National Prayer Breakfast
(Photo Credit: U.S. Army) VIEW ORIGINAL

In the midst of war, service members and the Fort Gordon community came together Feb. 18 to observe the "National Prayer Breakfast." They joined many Americans around the country celebrating this occasion. This year's theme was "Partnering Together for Peace."

A crowd of 360 people filled the Gordon Club's Ballroom before sunrise to hear from a New York rabbi and a police officer who kept their faith in the face of tragedy during the attack on America Sept. 11, 2001.

Chaplain (Col.) Craig Wiley, the installation chaplain, began the program by welcoming everyone and giving a brief explanation of the origin of the National Prayer Breakfast. In 1953, President [Dwight] Eisenhower presided over the first National Prayer Breakfast in Washington, D.C., said Wiley. "It is a time to give thanks to God for what we have and to ask him for our protection."

Spc. Paula Ashcraft, Company A, 63rd Signal Battalion, led the group in singing the national anthem. Chaplain (Col.) William Laigaie, the 7th Signal Command [Theater] Chaplain, gave the invocation, and members of the U.S. Army Signal Corps Band's Woodwind Quartet played music while guests enjoyed a buffet breakfast.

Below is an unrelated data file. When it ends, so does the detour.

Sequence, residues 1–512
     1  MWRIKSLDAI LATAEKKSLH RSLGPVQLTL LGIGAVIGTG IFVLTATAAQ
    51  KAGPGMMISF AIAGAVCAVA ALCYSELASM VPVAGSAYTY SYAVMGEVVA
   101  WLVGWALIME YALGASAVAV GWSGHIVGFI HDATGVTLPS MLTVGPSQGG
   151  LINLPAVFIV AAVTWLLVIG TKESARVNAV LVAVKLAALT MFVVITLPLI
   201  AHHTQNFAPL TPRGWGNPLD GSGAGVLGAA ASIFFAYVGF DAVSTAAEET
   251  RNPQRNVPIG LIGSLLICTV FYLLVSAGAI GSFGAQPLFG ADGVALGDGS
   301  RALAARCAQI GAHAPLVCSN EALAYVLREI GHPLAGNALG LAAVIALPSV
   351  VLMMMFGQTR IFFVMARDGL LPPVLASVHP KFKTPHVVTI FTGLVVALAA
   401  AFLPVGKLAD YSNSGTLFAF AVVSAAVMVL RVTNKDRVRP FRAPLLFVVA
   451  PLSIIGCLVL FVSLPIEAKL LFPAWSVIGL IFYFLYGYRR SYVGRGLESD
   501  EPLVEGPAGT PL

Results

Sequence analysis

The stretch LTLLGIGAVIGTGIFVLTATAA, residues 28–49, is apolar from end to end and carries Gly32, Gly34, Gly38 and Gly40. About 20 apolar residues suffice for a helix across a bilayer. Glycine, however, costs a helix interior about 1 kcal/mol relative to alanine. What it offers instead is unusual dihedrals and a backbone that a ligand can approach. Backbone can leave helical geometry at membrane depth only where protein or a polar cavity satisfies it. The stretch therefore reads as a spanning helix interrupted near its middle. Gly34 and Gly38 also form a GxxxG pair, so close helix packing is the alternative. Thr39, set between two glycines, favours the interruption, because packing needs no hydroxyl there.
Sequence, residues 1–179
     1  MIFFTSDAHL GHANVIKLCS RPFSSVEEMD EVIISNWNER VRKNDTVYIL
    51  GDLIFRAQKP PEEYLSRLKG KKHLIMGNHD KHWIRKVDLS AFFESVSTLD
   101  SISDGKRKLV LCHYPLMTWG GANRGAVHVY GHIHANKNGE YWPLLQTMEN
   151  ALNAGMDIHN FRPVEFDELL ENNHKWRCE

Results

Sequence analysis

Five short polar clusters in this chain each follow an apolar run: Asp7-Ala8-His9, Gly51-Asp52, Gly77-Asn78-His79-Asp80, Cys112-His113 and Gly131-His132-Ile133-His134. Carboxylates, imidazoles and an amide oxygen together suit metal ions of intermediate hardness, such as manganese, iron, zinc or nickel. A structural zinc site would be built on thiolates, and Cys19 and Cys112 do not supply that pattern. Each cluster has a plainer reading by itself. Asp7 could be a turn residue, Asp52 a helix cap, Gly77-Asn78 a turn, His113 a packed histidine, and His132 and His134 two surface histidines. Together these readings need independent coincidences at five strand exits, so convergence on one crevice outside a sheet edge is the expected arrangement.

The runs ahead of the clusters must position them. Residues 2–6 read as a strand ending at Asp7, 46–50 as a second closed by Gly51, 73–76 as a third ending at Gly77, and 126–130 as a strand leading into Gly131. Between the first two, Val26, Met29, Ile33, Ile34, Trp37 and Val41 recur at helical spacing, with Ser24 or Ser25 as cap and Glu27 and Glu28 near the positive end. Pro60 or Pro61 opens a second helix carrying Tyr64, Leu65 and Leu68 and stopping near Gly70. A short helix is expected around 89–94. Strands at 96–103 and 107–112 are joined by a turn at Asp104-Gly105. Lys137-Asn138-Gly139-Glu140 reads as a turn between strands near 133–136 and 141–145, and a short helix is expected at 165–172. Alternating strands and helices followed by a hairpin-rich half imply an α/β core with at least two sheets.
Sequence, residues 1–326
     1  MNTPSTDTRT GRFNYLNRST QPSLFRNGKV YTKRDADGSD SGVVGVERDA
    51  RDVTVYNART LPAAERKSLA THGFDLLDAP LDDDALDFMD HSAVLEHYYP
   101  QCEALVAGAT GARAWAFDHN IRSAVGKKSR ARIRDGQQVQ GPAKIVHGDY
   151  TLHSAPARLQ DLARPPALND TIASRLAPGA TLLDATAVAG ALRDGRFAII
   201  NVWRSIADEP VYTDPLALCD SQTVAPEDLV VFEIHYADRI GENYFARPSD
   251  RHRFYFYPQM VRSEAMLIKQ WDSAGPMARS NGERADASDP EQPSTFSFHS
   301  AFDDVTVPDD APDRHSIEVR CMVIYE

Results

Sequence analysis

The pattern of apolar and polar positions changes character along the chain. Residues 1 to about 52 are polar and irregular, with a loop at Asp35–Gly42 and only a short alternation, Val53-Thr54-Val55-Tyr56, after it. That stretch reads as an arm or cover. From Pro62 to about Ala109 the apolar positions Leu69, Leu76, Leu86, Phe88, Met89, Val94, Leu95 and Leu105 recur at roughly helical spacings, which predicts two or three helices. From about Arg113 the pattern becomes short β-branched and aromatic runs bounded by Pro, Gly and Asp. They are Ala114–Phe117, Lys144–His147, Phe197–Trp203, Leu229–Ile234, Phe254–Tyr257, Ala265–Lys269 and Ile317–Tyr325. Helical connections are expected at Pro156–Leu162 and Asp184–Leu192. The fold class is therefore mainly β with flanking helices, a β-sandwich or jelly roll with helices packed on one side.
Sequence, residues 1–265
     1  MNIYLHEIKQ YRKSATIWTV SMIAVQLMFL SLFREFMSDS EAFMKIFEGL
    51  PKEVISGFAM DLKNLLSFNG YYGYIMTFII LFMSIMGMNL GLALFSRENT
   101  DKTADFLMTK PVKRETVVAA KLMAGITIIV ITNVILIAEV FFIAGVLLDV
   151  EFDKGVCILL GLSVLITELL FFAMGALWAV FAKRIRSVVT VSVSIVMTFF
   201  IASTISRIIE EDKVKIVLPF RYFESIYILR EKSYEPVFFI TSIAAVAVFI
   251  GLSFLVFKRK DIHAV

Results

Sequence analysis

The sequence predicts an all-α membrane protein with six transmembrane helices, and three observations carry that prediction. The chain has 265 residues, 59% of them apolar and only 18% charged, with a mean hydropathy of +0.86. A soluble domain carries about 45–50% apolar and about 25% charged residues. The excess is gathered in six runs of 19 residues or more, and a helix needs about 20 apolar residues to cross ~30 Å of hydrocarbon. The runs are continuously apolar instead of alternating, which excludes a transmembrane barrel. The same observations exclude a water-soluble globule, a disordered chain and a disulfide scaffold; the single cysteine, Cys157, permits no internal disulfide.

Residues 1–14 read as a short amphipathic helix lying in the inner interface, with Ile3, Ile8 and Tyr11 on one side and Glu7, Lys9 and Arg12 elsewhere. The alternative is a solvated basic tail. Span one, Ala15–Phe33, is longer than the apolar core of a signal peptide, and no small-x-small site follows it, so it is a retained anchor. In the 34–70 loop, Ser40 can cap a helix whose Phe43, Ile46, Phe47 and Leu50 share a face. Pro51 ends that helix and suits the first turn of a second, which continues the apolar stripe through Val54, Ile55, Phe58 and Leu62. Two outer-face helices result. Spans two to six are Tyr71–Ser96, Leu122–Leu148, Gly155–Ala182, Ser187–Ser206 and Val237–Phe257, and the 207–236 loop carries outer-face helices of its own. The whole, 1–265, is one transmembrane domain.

Chaplain (Lt. Col.) James Duke, Director-Clinical Pastoral Education Program at the Dwight D. Eisenhower Army Medical Center, joined Chaplain (Maj.) Mark Munson, Southeast Regional Medical Command Wounded Warrior chaplain, on guitar and sang "Heal Our Land" by Michael Card.

Brig. Gen. Jeffrey Foley, U.S. Army Signal Center of Excellence and Fort Gordon's commanding general, and Command Sgt. Maj. Thomas Clark, U.S. Army Signal Center of Excellence command sergeant major, were unable to attend the breakfast. "They are in California helping a fallen Signaleer's family with funeral arrangements," said Wiley. Clark sent a DVD in which he recites the poem, "This Old Flag," and this was shown.

Prayers were then offered to the nation, the Armed Forces and the community by Chaplain (Capt.) Karlyn Maschhoff, 442nd Signal Battalion chaplain; Chaplain (Maj.) Mark Munson, Southeast Regional Medical Command Wounded Warrior chaplain; and retired Chief Petty Officer Marshall Abuwi, Islamic Lay Leader. Maschhoff read, "A Prayer for the Nation," by Thomas Jefferson, which he gave March 4, 1801 in Washington, D.C.

The Chaplain Assistant Choir sang "Lord You are Good" and "My Worship is for Real."

This was followed by Wiley introducing the first guest speaker, Sgt. Brian Reilly, a 26 year veteran of the New York City Police Department. He is currently the NYPD Chaplains Unit's commanding officer.